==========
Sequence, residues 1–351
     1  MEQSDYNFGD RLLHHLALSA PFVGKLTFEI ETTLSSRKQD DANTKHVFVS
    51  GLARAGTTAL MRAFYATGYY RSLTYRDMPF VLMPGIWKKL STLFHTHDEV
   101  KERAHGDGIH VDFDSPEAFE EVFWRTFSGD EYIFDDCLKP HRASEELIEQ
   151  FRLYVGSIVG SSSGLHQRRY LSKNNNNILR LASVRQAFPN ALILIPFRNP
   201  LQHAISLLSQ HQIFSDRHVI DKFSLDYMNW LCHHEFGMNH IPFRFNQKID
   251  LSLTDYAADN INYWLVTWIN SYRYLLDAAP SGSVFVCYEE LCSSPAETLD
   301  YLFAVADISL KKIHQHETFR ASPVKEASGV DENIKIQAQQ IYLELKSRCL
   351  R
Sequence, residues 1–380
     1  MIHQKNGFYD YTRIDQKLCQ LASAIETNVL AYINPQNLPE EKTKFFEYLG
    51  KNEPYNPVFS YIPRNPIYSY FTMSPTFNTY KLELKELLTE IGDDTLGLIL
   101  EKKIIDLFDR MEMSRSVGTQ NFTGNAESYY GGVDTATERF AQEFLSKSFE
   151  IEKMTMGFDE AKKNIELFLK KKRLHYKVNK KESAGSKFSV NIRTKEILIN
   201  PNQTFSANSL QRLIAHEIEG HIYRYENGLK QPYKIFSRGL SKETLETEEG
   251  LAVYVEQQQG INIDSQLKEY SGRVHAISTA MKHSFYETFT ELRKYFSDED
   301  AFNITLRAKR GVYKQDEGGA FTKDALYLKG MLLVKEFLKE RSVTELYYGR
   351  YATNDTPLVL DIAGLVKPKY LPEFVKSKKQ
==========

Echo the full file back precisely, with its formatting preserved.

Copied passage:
Sequence, residues 1–351
     1  MEQSDYNFGD RLLHHLALSA PFVGKLTFEI ETTLSSRKQD DANTKHVFVS
    51  GLARAGTTAL MRAFYATGYY RSLTYRDMPF VLMPGIWKKL STLFHTHDEV
   101  KERAHGDGIH VDFDSPEAFE EVFWRTFSGD EYIFDDCLKP HRASEELIEQ
   151  FRLYVGSIVG SSSGLHQRRY LSKNNNNILR LASVRQAFPN ALILIPFRNP
   201  LQHAISLLSQ HQIFSDRHVI DKFSLDYMNW LCHHEFGMNH IPFRFNQKID
   251  LSLTDYAADN INYWLVTWIN SYRYLLDAAP SGSVFVCYEE LCSSPAETLD
   301  YLFAVADISL KKIHQHETFR ASPVKEASGV DENIKIQAQQ IYLELKSRCL
   351  R
Sequence, residues 1–380
     1  MIHQKNGFYD YTRIDQKLCQ LASAIETNVL AYINPQNLPE EKTKFFEYLG
    51  KNEPYNPVFS YIPRNPIYSY FTMSPTFNTY KLELKELLTE IGDDTLGLIL
   101  EKKIIDLFDR MEMSRSVGTQ NFTGNAESYY GGVDTATERF AQEFLSKSFE
   151  IEKMTMGFDE AKKNIELFLK KKRLHYKVNK KESAGSKFSV NIRTKEILIN
   201  PNQTFSANSL QRLIAHEIEG HIYRYENGLK QPYKIFSRGL SKETLETEEG
   251  LAVYVEQQQG INIDSQLKEY SGRVHAISTA MKHSFYETFT ELRKYFSDED
   301  AFNITLRAKR GVYKQDEGGA FTKDALYLKG MLLVKEFLKE RSVTELYYGR
   351  YATNDTPLVL DIAGLVKPKY LPEFVKSKKQ